John Magnier

It is interesting to compare the back-slapping at European level between Brian Cowen and his contemporaries about the cutbacks in fiscal spending here and compare it to the reaction at home. There are many in the private sector who argue that the cuts in expenditure did not go far enough and that not enough has been done to eliminate public sector waste, while the public sector unions, at least, claim that they've gone too far. The response of rank and file Gardaí last week was illustrative, most of them didn't bother responding to a ballot seeking support for industrial action and the feedback from Garda sources is that there is a sense of frustration with its representative body which fell flat on its face when it presented the results last week. Perhaps there is an emerging consensus that we're all in this together. And not only that, we're in it for the long-term.

Societe Generale analyst Albert Edwards pointed out last week that even if the governments of Portugal, Spain and Greece follow Ireland's example and cut their fiscal deficits as a way of maintaining credibility with the markets "the lack of competitiveness within the eurozone needs years of relative (and probably given the outlook elsewhere, absolute) deflation". He went on say that economic prosperity "over the past decade has been a sham". In Ireland, we already know that and the policies of Bertie Ahern and Cowen assured that we will be paying for it for decades.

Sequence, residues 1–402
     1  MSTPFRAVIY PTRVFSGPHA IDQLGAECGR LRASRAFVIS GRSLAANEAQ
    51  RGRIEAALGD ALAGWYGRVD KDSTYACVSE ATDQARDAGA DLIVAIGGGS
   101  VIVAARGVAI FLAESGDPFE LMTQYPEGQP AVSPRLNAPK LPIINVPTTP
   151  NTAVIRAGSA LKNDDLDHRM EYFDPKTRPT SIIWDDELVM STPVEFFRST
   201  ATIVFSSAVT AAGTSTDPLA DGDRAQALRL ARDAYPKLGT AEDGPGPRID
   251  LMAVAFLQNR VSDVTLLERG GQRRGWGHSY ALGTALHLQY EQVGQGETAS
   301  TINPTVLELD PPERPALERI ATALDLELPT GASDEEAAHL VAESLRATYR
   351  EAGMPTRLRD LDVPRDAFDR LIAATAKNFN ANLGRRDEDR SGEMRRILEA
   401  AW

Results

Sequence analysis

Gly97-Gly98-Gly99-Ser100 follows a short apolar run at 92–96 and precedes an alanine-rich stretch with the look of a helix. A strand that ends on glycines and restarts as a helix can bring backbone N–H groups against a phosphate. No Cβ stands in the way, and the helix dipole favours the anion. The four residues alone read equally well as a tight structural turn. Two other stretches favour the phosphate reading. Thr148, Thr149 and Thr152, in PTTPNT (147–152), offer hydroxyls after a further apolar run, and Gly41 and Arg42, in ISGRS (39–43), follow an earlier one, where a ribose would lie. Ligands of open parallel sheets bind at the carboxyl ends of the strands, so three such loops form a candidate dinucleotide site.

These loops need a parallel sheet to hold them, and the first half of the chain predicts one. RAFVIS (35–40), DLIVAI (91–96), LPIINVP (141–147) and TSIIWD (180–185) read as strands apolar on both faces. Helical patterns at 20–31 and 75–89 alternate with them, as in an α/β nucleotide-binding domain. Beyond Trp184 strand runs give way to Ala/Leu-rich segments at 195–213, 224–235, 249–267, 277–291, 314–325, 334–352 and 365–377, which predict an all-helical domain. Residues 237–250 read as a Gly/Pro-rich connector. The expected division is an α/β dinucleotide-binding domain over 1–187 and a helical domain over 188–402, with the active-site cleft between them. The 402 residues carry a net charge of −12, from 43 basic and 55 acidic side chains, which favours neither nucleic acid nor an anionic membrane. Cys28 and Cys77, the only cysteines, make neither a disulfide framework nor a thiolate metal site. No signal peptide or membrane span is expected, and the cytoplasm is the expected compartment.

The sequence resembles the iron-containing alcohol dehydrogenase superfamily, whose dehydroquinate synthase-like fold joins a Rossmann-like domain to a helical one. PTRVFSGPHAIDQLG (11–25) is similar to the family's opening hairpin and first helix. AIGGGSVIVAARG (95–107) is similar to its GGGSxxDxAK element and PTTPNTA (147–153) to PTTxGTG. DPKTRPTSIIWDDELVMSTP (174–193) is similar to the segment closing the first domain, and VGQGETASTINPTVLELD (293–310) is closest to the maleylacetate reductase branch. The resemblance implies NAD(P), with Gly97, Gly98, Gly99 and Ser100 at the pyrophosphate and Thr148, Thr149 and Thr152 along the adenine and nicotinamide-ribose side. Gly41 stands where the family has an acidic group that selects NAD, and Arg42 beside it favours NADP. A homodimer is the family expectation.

Tapping the equity market

Investors picking equities will need to pay careful attention to pension changes which publicly quoted companies are pushing through in the downturn. An analysis of UK pub company Mitchells & Butlers (M&B) accounts, in which John Magnier and JP McManus are investors, by Company Reporting found that the company had restricted the future pension entitlements of its employees, allowing it to immediately recognise "a £44m gain that reduces the net deficit by 25% and narrows the loss for the year to £10m". Company Reporting also found that in the financial notes the company states that pension changes have reduced its assumptions on salary increases from 5% to 2%. It is known that a number of Irish companies are using similar moves to help show a healthier financial picture but it is just a one-off boost to the bottom line. After the bloody boardroom battle at M&B, which resulted in currency speculator Joe Lewis emerging triumphant, the Irishmen will be hoping that the current review of the company ends up improving its performance at the taps.